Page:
keep a backup credit card so maybe I can use that card for the everyday
purchases and use the primary one for the low interest rate cash advance
and don't use it again until the advance is paid off.

Is this what you are saying?


======================================= MODERATOR'S COMMENT:
Please trim the post to which you are responding. "Trim" means that except for a FEW lines to add context, the previous post is deleted.
 
R

Rich Carreiro

The Henchman said:
retroactively. Payments are then applied to purchases or cash advances
secondly, with the most recently being dealt with first. Am I wrong on
that?
Yes.

Payments are applied first to the balance subject to the lowest
interest rate until that is paid off. Only then will payments
be applied to the balance at higher rates.

So let's say you took a $5000 cash advance under the 2.9% promotion
and then you purchase $2000 of stuff.

If you make a payment of $1000, it'll be applied to the cash advance,
leaving you with $4000 being charged 2.9% and the full $2000 being
charged 18% (or whatever).

You'll have to pay off the entire $5000 promotion balance before
your payments will start reducing the debt that's costing
you an 18% rate.
 
S

sparksals

The said:
Hoping the moderators let this in and if they don't hopefully they tell me
why...

Came up with an interesting investing scheme today. My credit card company
sent me three blank cheques that I'm allowed to use for whatever reason for
an introductory interest rate of 2.9% (I assume that's 2.9499999% :). It is
a cash advance that I can pay another card or myself or whatever purpose I
want. The introductory rate is good until July 15th 2007 then according to
the fine print it goes back to 19.97% (I assume retroactive on the full
amount I borrowed and not the remaining balance.)
I'm from Canada, but now live in the US. To me, you're making it far
more complicated. Why don't you take advantage of the low or zero
percent interest RRSP loans offered by every bank and financial
institution across the country? The interest would be tax deductible
because you are borrowing for investment purposes.

You can't predict the future. What if you have a financial ER where
you can't pay off the c/c?

If I were you, I'd stick with simplicity and get the RRSP loan. I
don't believe that taking money on a c/c would be considered a valid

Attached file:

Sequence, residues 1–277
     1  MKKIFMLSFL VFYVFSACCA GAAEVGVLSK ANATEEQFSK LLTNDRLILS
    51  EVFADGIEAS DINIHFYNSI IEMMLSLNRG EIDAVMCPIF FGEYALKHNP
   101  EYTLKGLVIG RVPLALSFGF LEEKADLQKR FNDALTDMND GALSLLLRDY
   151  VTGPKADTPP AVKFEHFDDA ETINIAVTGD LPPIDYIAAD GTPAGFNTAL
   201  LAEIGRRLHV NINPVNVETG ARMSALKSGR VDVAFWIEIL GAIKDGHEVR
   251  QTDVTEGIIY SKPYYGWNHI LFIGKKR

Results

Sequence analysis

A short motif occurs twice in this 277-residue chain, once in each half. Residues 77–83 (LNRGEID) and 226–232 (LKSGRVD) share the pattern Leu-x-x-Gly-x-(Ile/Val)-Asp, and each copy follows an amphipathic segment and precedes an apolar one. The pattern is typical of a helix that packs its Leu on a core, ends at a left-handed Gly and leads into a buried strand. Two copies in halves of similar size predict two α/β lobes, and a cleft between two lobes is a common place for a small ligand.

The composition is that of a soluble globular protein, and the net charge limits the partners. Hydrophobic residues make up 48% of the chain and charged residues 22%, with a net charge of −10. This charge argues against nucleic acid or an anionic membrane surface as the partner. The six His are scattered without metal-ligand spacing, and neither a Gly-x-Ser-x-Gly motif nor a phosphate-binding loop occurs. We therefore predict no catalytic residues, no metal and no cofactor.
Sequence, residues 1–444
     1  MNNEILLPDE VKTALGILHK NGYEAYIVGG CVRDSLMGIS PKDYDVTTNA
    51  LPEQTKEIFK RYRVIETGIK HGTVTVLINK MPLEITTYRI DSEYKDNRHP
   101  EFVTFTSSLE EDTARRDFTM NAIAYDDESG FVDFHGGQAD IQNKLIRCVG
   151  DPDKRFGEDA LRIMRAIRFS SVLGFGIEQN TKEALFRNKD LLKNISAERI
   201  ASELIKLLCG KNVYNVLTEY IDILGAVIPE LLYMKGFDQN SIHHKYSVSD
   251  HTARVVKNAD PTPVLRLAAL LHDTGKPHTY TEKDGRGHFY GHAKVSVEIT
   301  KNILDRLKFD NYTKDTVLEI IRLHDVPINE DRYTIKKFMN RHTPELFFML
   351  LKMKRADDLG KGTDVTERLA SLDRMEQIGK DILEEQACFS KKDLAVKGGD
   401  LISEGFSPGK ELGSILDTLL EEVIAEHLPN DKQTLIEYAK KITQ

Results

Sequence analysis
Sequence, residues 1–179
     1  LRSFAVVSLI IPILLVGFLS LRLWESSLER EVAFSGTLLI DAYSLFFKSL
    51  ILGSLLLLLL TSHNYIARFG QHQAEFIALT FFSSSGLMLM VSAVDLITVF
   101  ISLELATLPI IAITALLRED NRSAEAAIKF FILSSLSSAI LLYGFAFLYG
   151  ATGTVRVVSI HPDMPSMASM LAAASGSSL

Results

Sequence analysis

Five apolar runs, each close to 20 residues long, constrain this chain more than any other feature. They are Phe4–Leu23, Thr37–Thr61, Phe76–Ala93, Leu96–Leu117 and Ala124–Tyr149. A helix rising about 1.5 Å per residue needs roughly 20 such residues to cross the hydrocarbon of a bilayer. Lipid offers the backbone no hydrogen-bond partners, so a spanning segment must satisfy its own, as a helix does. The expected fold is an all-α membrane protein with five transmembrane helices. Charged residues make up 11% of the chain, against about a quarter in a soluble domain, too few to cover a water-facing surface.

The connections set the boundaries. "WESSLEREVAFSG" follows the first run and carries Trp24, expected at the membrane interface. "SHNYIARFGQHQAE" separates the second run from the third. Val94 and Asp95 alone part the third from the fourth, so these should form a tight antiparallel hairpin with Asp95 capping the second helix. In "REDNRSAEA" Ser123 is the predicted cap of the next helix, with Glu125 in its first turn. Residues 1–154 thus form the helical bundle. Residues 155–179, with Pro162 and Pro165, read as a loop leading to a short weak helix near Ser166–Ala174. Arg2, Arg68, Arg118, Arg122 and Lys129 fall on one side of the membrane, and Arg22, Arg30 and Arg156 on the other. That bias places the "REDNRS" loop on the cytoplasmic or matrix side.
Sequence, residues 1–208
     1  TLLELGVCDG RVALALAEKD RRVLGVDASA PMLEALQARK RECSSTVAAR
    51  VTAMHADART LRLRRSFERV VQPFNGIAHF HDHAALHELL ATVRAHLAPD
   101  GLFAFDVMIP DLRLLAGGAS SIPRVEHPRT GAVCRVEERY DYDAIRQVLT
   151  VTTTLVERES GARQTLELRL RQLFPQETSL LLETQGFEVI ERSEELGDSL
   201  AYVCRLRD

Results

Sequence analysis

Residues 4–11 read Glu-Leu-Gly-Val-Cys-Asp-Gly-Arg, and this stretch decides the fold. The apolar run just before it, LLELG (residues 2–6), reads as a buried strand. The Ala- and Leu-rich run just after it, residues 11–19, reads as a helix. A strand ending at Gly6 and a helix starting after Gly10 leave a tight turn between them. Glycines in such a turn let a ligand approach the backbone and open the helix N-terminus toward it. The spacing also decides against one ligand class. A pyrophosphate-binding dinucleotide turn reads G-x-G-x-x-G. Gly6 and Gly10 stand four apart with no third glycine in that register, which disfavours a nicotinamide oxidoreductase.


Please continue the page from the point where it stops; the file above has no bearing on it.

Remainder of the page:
method of borrowing for investment and would not qualify for the
interest deduction for said investment.
 
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T

The Henchman

I'm from Canada, but now live in the US. To me, you're making it far
more complicated. Why don't you take advantage of the low or zero
percent interest RRSP loans offered by every bank and financial
institution across the country? The interest would be tax deductible
because you are borrowing for investment purposes.
Interest is NOT tax deductible if the loan is for the purpose of RRSP
contributions. That loophole got closed ages ago.

Secondly most banks only offer RRSP loans if you open the RRSP account with
the same bank offering the loan and staying with their own investments. MY
RRSP account is currently with a full service planner that may offer RRSP
loans but at prime rate plus .25%.

Most RRSP loan products I looked are offered at the Bank's Prime lending
rate, which is currently 6% for just about every Canadian institution.
Maybe an Insurance company will offer a bit lower. However since the Credit
Card is offering 2.9 that beats any rate I have seen from a lending
institution.
You can't predict the future. What if you have a financial ER where
you can't pay off the c/c?
I keep 9 months emergency pay in high interest and 30 day GIC accounts . I
have the money set aside for the big just in case scenarios.
If I were you, I'd stick with simplicity and get the RRSP loan.
I can't find a low interest rate RRSP loan or am I not looking hard enough?
And again the interest on loans for the purpose of investing into RRSP's do
not qualify as a tax deduction.

That said I'm glad you raised a couple of key points.......